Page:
Last week: Functions

Part I

Simulation basics

Why simulate?

R gives us unique access to great simulation tools (unique compared to other languages). Why simulate? Welcome to the 21st century! Two reasons:

Sampling from a given vector

To sample from a given vector, use sample()

sample(x=letters, size=10) # Without replacement, the default
##  [1] "n" "j" "x" "u" "w" "f" "r" "p" "b" "h"
sample(x=c(0,1), size=10, replace=TRUE) # With replacement
##  [1] 1 1 1 1 1 0 0 1 1 0
sample(x=10) # Arguments set as x=1:10, size=10, replace=FALSE
##  [1]  4 10  1  2  9  8  5  3  6  7

Random number generation

To sample from a normal distribution, we have the utility functions:

Replace “norm” with the name of another distribution, all the same functions apply. E.g., “t”, “exp”, “gamma”, “chisq”, “binom”, “pois”, etc.

Random number examples

Standard normal random variables (mean 0 and variance 1)

n = 100
z = rnorm(n, mean=0, sd=1) # These are the defaults for mean, sd
mean(z)  # Check: sample mean is approximately 0
## [1] 0.07550971
var(z)   # Check: sample variance is approximately 1
## [1] 1.0815

Estimated distribution function

To compute empirical cumulative distribution function (ECDF)—the standard estimator of the cumulative distribution function (CDF)—use ecdf()

x = seq(-3, 3, length=100)
ecdf.fun = ecdf(z) # Create the ECDF
class(ecdf.fun) # It's a function!
## [1] "ecdf"     "stepfun"  "function"
ecdf.fun(0)
## [1] 0.54
# We can plot it 
plot(x, ecdf.fun(x), lwd=2, col="red", type="l", ylab="CDF", main="ECDF")
lines(x, pnorm(x), lwd=2)
legend("topleft", legend=c("Empirical", "Actual"), lwd=2, 
       col=c("red","black"))

Interlude: Kolmogorov-Smirnov test

One of the most celebrated tests in statistics is due to Kolmogorov in 1933. The Kolmogorov-Smirnoff (KS) statistic is: \[ \sqrt{\frac{n}{2}} \sup_{x} |F_n(x)-G_n(x)| \] Here \(F_n\) is the ECDF of \(X_1,\ldots,X_n \sim F\), and \(G_n\) is the ECDF of \(Y_1,\ldots,Y_n \sim G\). Under the null hypothesis \(F=G\) (two distributions are the same), as \(n \to \infty\), the KS statistic approaches the supremum of a Brownian bridge: \[ \sup_{t \in [0,1]} |B(t)| \]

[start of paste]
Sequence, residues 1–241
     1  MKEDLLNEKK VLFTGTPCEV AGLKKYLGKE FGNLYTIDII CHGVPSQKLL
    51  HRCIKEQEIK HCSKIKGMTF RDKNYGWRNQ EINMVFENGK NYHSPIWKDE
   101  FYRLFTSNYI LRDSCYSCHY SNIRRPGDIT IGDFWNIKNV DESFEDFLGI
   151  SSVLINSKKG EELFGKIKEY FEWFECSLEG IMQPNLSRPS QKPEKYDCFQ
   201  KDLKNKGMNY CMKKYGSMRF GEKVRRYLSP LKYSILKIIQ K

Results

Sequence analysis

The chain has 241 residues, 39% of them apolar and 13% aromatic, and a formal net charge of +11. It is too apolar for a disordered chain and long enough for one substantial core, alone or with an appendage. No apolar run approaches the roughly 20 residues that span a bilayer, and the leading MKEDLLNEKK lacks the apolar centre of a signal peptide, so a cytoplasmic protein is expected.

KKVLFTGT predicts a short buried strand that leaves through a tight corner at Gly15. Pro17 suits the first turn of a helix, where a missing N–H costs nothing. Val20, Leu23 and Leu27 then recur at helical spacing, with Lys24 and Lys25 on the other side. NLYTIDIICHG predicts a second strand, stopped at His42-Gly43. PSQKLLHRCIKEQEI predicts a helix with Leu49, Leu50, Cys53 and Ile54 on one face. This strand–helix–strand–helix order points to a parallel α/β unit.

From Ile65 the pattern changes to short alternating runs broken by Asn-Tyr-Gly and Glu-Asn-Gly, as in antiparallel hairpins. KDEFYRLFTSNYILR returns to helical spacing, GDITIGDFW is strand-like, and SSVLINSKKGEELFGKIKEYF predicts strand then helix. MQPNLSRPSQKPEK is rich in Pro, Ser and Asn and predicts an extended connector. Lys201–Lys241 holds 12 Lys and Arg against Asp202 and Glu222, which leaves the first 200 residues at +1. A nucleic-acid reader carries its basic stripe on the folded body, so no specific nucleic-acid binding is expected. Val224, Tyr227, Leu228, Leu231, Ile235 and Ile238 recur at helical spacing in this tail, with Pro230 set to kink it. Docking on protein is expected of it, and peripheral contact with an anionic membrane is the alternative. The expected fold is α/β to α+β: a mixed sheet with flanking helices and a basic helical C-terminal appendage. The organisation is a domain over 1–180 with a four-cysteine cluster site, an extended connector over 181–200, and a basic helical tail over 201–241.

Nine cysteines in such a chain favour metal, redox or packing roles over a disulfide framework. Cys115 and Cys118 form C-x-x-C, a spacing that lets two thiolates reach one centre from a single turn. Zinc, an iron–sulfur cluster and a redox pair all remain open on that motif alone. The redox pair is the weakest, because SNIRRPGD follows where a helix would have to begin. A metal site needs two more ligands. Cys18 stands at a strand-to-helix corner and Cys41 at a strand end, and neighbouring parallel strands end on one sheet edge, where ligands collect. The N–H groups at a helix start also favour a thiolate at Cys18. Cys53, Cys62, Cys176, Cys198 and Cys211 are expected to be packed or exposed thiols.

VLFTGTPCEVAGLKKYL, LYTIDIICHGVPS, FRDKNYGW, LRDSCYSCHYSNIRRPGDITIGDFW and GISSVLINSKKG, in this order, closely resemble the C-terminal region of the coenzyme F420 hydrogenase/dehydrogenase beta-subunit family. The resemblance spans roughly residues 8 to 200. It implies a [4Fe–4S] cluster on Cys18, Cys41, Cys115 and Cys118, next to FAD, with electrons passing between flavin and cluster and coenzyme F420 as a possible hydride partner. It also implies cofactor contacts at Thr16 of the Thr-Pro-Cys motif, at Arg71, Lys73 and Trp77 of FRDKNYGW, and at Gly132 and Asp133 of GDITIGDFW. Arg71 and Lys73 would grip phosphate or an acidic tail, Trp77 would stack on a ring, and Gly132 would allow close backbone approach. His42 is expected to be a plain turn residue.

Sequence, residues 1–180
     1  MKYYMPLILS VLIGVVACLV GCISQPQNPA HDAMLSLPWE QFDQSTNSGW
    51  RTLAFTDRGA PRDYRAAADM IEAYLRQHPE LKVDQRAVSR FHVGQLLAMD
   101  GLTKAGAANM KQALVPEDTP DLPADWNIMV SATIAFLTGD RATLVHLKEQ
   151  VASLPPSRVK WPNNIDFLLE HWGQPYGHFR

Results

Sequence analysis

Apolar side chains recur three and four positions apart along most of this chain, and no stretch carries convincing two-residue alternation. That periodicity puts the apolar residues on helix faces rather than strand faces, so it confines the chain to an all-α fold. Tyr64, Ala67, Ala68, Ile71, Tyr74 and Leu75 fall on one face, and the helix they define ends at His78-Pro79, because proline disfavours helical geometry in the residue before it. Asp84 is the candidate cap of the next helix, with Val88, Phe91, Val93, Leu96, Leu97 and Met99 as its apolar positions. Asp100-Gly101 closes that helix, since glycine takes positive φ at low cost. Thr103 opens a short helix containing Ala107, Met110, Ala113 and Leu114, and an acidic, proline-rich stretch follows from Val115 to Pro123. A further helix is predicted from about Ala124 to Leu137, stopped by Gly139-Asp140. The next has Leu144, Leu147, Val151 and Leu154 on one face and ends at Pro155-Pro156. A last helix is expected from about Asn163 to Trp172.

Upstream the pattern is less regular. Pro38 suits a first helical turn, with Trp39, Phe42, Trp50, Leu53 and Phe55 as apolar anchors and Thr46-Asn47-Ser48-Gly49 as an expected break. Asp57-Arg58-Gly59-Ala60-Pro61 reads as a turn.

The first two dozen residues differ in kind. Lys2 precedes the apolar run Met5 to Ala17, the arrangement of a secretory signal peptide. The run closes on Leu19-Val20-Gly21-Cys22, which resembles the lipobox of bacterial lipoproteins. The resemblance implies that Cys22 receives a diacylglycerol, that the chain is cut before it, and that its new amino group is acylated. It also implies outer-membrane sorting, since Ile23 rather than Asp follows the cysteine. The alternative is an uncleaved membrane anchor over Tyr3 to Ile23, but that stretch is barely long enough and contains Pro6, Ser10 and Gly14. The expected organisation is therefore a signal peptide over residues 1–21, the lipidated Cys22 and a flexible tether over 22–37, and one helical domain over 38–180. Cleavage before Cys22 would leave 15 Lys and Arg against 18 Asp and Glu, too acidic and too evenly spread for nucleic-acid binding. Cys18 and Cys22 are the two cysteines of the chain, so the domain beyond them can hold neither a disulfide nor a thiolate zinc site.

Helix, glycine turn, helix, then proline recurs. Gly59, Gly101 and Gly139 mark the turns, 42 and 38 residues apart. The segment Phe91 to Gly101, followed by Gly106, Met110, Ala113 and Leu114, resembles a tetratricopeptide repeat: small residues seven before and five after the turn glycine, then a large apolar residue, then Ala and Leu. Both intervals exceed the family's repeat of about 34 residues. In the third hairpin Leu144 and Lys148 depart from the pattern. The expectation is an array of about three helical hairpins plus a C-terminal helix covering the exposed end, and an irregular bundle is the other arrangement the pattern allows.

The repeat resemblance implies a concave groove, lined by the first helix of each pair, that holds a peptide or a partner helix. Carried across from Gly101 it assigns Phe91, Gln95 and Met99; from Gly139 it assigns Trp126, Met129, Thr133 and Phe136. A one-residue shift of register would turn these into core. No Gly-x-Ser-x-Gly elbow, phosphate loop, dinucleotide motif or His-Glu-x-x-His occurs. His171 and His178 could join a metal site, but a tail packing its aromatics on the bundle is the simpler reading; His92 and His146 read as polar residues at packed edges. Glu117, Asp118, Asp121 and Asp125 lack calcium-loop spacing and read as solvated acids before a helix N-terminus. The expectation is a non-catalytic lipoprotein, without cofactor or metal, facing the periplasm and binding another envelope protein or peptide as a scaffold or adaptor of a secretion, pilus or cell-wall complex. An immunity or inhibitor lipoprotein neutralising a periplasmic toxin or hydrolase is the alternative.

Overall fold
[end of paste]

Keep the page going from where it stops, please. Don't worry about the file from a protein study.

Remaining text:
Here \(B\) is a Gaussian process with \(B(0)=B(1)=0\), mean \(\mathbb{E}(B(t))=0\) for all \(t\), and covariance function \(\mathrm{Cov}(B(s), B(t)) = s(1-t)\)

n = 500
t = 1:n/n
Sig = t %o% (1-t)
Sig = pmin(Sig, t(Sig))
eig = eigen(Sig)
Sig.half = eig$vec %*% diag(sqrt(eig$val)) %*% t(eig$vec)
B = Sig.half %*% rnorm(n)
plot(t, B, type="l")


Two remarkable facts about the KS test:

  1. It is distribution-free, meaning that the null distribution doesn’t depend on \(F,G\)!

  2. We can actually compute the null distribution and use this test, e.g., via ks.test():

ks.test(rnorm(n), rt(n, df=1)) # Normal versus t1
## 
##  Two-sample Kolmogorov-Smirnov test
## 
## data:  rnorm(n) and rt(n, df = 1)
## D = 0.142, p-value = 8.365e-05
## alternative hypothesis: two-sided
ks.test(rnorm(n), rt(n, df=10)) # Normal versus t10
## 
##  Two-sample Kolmogorov-Smirnov test
## 
## data:  rnorm(n) and rt(n, df = 10)
## D = 0.06, p-value = 0.3291
## alternative hypothesis: two-sided

Estimated density function

To compute histogram—a basic estimator of the density based on binning—use hist()

hist.obj = hist(z, breaks=30, plot=FALSE) 
class(hist.obj) # It's a list
## [1] "histogram"
hist.obj$breaks # These are the break points that were used